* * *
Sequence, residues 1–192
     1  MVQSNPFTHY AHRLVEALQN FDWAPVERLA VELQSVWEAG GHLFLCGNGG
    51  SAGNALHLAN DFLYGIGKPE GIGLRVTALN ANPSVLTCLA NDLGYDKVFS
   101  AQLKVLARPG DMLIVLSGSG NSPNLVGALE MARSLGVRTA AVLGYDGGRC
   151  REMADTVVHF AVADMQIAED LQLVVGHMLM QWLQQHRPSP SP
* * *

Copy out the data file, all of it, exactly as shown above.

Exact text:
Sequence, residues 1–192
     1  MVQSNPFTHY AHRLVEALQN FDWAPVERLA VELQSVWEAG GHLFLCGNGG
    51  SAGNALHLAN DFLYGIGKPE GIGLRVTALN ANPSVLTCLA NDLGYDKVFS
   101  AQLKVLARPG DMLIVLSGSG NSPNLVGALE MARSLGVRTA AVLGYDGGRC
   151  REMADTVVHF AVADMQIAED LQLVVGHMLM QWLQQHRPSP SP